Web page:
Feeding the Multitudes

‘SCENES FROM A PARISH’

Your eyes and ears tell you that Scenes from a Parish is a documentary. So does a source that might be more reliable: PBS. Had it not been so, you might swear that this study of an urban Catholic congregation was a novel: with its absorbing and wrenching multiple storylines knit into an eloquently disturbing civic vision, James Rutenbeck’s film—airing on the PBS series Independent Lens on December 29 (check local listings)—has a scope that’s positively Zola-esque.

Four years in the making, Scenes from a Parish focuses on the conflicted community of St. Patrick Parish in Lawrence, Massachusetts. Once a prosperous mill town, Lawrence is now plagued by poverty. The area’s ethnic landscape has been changing too: formerly a bastion of native Anglophones, St. Patrick’s now attracts many immigrants from the Dominican Republic, Puerto Rico, Cambodia, and Vietnam. The charismatic young priest at the church’s helm, Fr. Paul O’Brien, is determined to face up to the demographic changes, launching the Cor Unum Meal Center for needy Lawrence residents and offering services in Spanish as well as English.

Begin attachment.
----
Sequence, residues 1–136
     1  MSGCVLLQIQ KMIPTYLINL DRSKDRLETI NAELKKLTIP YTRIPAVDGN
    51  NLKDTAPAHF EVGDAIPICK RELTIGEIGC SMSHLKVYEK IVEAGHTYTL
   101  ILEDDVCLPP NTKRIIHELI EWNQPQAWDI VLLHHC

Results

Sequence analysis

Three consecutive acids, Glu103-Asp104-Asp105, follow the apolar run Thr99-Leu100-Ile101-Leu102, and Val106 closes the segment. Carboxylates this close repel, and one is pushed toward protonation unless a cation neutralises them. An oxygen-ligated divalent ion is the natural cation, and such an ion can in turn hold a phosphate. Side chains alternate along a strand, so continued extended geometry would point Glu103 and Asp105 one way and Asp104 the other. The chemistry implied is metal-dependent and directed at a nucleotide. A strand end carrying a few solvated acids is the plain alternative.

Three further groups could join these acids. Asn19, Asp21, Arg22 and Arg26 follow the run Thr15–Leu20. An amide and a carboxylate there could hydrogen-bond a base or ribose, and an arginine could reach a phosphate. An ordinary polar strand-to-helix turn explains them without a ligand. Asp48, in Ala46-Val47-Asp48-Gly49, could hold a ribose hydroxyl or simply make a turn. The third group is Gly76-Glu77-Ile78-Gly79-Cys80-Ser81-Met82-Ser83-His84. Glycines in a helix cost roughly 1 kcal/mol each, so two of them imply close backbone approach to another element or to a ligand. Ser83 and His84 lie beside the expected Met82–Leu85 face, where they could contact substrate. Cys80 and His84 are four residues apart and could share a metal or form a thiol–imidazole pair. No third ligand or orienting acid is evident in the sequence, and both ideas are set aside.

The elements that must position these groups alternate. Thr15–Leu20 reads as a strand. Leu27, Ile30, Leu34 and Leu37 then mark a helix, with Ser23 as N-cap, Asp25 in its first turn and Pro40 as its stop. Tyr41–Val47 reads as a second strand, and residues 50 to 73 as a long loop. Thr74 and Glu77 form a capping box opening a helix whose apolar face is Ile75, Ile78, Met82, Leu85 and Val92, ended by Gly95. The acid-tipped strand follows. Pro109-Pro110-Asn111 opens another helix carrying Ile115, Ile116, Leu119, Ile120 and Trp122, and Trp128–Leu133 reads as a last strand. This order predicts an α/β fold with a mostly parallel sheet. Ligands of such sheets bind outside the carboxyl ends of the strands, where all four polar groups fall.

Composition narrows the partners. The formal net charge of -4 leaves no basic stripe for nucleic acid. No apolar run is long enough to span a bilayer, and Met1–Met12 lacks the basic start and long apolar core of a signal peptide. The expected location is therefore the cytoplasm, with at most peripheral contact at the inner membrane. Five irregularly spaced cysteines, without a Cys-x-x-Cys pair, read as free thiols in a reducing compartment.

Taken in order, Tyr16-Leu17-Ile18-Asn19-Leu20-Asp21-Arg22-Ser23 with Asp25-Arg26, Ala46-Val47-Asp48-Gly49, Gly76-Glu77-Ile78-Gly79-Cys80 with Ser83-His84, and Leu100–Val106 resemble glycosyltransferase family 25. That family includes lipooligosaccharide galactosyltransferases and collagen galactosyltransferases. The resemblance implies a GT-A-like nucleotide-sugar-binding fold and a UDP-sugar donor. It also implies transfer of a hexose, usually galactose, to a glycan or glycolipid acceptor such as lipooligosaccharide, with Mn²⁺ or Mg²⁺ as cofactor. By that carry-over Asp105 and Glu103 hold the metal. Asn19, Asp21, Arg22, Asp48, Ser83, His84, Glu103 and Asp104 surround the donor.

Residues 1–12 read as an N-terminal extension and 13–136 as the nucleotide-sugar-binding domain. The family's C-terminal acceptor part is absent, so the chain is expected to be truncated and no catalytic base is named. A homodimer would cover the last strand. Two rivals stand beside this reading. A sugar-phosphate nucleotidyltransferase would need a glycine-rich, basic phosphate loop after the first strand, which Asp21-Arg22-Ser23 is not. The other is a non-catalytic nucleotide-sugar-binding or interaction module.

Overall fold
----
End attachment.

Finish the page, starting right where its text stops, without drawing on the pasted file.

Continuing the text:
The seemingly unflappable Harvard alum—seen, in an early shot, striding down the sidewalk in sunglasses, looking extremely cool—has his work cut out for him. In a couple of remarkably candid moments, Rutenbeck captures parishioners voicing resentment about the new initiatives. “If the Mass is done in Spanish and English…I do not get anything out...

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About the Author

Celia Wren is Commonweal’s media and stage critic.